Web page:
The wedding was at a home with a big back yard in Miami Lakes. The home was owned by a Martha, a lady Donesha met at the store. Donesha was one of the friendliest cashiers and made friends easily. Marsha liked her and was very interested in East Indian culture. I think she was more excited about the wedding than Donesha.
As I pulled up to the house, I could see the big tent in the back yard. The ceremony was getting ready to start. I was assigned to a table with a few of my fellow employees including the store manager.
Donesha was wearing a red sari and was given away by one of her new found distant cousins. I could see her hennaed hands as she approached the alter where craig was. She was on his left. she told me once they complete the late rite of the wedding ceremony she will move to his right side. There were 7 rites that were apart of a Hindu wedding. we were in for a long afternoon.
As I watched the ceremony I could not help but look back at the past few months when Donesha was having second thoughts about the wedding. I became Donesha’s relationship and immigration advisor.
A young East Indian pharmacist, named Rasheed, started to work at our location. He had a strange background. He was born in Uganda in the 1970’s when dictator Idi Amin ruled the country. His family fled to America as Idi Amin put policies in place to “push out“ people of East Indian and Asian descent. Donesha liked him and he seemed to like her. I was the only one that knew she was getting married in a few months. She did not tell Rasheed. They flirted at work. You could see they had some chemistry together.
On our rides from work she would talk about him. She had fallen deeply in love with Rasheed and considered pursuing a relationship with him. She would lose the money she already paid her fiancé , Criag.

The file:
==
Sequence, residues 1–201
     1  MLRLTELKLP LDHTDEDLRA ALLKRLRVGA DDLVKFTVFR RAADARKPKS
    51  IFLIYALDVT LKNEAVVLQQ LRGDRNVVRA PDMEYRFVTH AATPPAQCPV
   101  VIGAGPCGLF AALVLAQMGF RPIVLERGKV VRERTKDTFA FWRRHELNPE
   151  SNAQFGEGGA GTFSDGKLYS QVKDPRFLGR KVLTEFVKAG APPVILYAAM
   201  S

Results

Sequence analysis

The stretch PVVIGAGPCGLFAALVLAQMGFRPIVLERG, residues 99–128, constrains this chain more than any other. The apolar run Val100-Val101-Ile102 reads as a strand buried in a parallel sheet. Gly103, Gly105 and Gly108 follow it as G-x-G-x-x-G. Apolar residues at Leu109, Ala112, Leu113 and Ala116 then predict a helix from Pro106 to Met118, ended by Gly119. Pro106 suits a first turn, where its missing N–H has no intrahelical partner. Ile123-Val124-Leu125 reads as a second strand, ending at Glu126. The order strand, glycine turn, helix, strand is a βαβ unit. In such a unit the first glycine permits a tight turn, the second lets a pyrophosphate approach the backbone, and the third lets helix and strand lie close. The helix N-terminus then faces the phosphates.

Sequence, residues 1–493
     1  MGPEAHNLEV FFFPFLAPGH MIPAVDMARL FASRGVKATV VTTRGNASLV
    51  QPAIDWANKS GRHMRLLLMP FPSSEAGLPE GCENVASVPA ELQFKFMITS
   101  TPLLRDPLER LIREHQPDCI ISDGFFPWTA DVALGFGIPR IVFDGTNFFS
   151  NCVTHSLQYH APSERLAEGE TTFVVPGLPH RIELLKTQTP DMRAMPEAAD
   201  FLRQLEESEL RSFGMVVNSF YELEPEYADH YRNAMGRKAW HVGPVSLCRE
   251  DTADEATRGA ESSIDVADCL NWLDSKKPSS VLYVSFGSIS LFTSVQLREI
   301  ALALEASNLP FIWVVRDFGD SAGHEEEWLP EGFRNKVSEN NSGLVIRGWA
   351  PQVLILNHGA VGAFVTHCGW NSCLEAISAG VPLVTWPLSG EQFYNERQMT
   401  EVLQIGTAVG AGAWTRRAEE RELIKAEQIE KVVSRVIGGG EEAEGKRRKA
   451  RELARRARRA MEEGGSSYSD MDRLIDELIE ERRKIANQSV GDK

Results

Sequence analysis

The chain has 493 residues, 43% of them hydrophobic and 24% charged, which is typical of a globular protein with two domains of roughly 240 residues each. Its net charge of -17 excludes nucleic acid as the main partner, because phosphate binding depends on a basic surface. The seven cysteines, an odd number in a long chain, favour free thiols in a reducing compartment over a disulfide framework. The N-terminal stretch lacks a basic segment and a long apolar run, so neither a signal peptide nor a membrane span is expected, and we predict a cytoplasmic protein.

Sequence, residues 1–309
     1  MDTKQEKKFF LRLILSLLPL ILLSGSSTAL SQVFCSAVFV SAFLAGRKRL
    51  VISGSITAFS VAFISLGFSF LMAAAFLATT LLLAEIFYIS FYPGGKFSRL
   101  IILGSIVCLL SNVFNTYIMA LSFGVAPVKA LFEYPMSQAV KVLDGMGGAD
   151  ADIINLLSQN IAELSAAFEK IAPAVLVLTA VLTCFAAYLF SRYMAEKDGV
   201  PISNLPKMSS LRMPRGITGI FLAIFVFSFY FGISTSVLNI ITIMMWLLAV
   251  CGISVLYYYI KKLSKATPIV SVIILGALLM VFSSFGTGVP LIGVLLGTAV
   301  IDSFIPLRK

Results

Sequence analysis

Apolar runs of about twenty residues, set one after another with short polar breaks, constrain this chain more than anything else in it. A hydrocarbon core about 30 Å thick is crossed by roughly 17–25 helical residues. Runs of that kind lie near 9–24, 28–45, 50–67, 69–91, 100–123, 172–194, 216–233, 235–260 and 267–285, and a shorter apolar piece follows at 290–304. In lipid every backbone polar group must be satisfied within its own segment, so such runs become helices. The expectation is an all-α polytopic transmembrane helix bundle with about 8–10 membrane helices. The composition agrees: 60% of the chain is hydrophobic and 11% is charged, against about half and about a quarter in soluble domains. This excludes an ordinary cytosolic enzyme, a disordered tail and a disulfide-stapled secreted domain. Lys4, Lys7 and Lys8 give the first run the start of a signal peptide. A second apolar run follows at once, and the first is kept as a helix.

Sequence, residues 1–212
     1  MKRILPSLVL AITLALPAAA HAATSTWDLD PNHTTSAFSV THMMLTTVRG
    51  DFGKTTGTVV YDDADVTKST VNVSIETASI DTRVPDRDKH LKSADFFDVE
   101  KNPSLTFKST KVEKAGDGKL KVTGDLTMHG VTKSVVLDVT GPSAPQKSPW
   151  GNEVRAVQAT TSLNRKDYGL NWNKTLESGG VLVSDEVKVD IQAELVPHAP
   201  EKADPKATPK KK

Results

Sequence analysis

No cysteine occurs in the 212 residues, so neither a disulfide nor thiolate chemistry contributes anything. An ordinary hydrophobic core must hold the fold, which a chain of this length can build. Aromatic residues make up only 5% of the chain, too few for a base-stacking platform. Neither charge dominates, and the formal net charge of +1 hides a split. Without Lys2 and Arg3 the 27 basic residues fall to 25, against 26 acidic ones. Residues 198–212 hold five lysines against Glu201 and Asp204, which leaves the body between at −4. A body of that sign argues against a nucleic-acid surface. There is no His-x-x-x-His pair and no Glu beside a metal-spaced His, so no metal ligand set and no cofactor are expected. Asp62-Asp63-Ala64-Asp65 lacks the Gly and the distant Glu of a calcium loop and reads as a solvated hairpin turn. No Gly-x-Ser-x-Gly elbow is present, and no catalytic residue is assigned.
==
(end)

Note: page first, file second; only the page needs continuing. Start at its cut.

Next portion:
She was not sure how Rasheed felt about her. She knew he liked her but did he love her enough to marry her.
She kept saying “He is the perfect guy for me”
She mentioned her family in Guyana would love him. She was still hurt by her parents not being there.
One of the other barriers to any relationship between them was that his family has already “picked” bride from India for him to marry. She wanted to tell him her secret but I told her not to.
I told her she had to weigh what was important to her right now. She had come this far with her plans I wondered if she would give it up. Would she take a chance on love or get married to secure her future?
They continued to flirt at work. He started to pick her up from work.
Then after a few weeks it stopped. They did not speak to each other anymore. I did not have to ask what happened. Donesha poured out her heart to me.
“I told him I loved him”,
“What did he say?”, I asked.
“He said he loved me too” she replied. She continued “I asked him if he would marry me to get my green card”
She paused. She started to cry.
“He told me he could not right now because his parents had an arranged marriage planned for him. He need time to break this arrangement”
“He asked me to wait and I told him I could not” she was still crying.
She explained that it takes years to break these arrangements and his family may never speak to him again. She could not live with him being alienated from his family.
“I really loved him”.
We never spoke about Rasheed again.
As I watched the final rite of the wedding and Donesha on the right of her new husband Craig I wondered if I gave her the right advice. Was a green card more important than love?